03.21.2017 Break in Raised Tread on Curiosity Wheel
02.27.2017 Swirling Dust in Gale Crater, Mars, Sol 1613
02.27.2017 Dust Devil Passes Near Martian Sand Dune
02.27.2017 Sand Moving Under Curiosity, One Day to Next
12.13.2016 Now and Long Ago at Gale Crater, Mars
12.13.2016 Where's Boron? Mars Rover Detects It
10.03.2016 Curiosity Self-Portrait at 'Murray Buttes'
10.03.2016 Butte 'M9a' in 'Murray Buttes' on Mars
09.19.2016 Ribbon Cutting
09.09.2016 Farewell to Murray Buttes (Image 5)
09.09.2016 Farewell to Murray Buttes (Image 4)
09.09.2016 Farewell to Murray Buttes (Image 3)
09.09.2016 Farewell to Murray Buttes (Image 2)
09.09.2016 Farewell to Murray Buttes (Image 1)
08.26.2016 Out-of-this-World Records
03.30.2016 Erisa Hines
03.30.2016 Buzz Aldrin
02.12.2016 Women in Science
02.09.2016 Adam Steltzner, a JPL engineer
01.27.2016 Night Close-up of Martian Sand Grains
01.27.2016 Curiosity Self-Portrait at Martian Sand Dune
12.17.2015 Alteration Effects at Gale and Gusev Craters
12.17.2015 Full-Circle View Near 'Marias Pass' on Mars
12.11.2015 Surface Close-up of a Martian Sand Dune
12.11.2015 Martian Sand Disturbed by Rover Wheel
Rotating Curiosity's Back Shell Powered Descent VehicleAt the Payload Hazardous Servicing Facility at NASA's Kennedy Space Center in Florida, the "back shell powered descent vehicle" configuration of NASA's Mars Science Laboratory is being rotated for final closeout actions.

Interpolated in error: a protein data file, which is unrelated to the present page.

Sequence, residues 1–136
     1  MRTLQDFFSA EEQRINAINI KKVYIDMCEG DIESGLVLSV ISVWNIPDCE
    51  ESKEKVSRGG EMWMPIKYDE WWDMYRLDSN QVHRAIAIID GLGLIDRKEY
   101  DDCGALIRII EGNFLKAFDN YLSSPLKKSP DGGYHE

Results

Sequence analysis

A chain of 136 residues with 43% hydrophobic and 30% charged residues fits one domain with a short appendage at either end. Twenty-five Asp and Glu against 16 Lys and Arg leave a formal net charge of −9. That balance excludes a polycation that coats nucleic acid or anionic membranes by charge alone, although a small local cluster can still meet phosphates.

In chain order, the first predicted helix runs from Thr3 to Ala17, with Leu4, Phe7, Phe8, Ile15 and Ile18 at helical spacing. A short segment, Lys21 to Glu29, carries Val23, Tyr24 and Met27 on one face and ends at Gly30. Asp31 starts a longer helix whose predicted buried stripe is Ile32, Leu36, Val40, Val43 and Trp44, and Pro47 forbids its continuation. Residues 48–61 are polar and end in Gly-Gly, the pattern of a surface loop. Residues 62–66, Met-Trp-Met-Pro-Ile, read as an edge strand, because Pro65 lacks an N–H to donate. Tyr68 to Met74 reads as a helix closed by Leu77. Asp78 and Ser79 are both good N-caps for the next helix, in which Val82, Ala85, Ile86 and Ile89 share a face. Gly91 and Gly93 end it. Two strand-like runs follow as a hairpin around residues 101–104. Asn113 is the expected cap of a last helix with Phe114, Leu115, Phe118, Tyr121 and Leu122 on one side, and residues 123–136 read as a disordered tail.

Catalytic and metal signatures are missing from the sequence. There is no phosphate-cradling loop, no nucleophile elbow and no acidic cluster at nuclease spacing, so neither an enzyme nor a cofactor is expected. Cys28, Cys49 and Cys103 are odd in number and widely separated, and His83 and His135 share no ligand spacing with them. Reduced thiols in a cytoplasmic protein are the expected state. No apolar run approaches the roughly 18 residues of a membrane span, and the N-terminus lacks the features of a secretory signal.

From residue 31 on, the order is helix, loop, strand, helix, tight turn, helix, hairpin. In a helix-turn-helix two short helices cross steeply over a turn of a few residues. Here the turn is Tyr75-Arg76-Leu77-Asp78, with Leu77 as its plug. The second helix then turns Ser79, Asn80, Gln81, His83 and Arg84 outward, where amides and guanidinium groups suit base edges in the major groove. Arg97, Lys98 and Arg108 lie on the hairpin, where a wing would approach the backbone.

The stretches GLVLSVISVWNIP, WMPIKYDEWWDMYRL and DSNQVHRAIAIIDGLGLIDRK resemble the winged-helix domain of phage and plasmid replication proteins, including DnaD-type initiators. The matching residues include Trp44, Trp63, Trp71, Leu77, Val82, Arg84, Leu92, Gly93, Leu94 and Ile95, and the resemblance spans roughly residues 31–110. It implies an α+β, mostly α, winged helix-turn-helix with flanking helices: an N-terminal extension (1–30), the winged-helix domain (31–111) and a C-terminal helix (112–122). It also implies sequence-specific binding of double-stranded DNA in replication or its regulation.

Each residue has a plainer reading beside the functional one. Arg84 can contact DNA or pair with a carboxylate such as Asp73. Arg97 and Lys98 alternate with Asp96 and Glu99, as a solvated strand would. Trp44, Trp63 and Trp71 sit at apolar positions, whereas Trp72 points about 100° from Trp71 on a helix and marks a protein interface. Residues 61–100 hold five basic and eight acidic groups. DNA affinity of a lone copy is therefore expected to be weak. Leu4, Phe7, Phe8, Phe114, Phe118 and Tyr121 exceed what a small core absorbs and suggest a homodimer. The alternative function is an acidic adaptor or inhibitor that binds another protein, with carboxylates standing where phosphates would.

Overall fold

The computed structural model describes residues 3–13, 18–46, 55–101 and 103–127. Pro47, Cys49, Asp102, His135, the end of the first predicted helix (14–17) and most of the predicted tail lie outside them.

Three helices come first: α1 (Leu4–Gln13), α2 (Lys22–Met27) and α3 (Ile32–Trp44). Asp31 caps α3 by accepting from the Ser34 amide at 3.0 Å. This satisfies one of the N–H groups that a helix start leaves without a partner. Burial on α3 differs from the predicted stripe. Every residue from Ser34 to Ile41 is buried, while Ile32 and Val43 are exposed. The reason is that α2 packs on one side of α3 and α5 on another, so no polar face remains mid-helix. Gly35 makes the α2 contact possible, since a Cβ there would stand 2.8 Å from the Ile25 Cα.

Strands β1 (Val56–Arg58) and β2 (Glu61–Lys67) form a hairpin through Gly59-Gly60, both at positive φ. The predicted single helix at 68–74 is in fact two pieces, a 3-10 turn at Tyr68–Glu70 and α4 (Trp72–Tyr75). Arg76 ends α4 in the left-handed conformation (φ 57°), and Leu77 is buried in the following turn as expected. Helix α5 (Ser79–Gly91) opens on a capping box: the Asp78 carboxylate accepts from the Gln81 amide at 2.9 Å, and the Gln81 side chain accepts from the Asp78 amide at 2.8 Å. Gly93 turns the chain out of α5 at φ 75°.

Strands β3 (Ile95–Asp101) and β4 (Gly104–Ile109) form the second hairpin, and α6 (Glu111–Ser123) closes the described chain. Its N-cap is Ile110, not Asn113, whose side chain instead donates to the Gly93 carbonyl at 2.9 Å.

At this time, the mission's rover, known as Curiosity, and its rocket-powered descent stage have already been integrated, and are now encapsulated inside the spacecraft's back shell. The configuration of rover integrated with the descent stage is the "powered descent vehicle." The back shell, a protective cover, carries the parachute and several other components used during descent.
The yellow disks visible at the top of the configuration are the descent stage's radar antennas that will be used to calculate the rover's descent speed and altitude.
The mission is on track for launch from Cape Canaveral Air Force Station during the period from Nov. 25 to Dec. 18, 2011.
The Jet Propulsion Laboratory, a division of the California Institute of Technology in Pasadena, manages the Mars Science Laboratory mission for the NASA Science Mission Directorate, Washington. This mission will land Curiosity on Mars in August 2012. Researchers will use the tools on the rover to study whether the landing region has had environmental conditions favorable for supporting microbial life and favorable for preserving clues about whether life existed.
More information about Curiosity is at http://mars.jpl.nasa.gov/msl/.
Image Credit: NASA/JPL-Caltech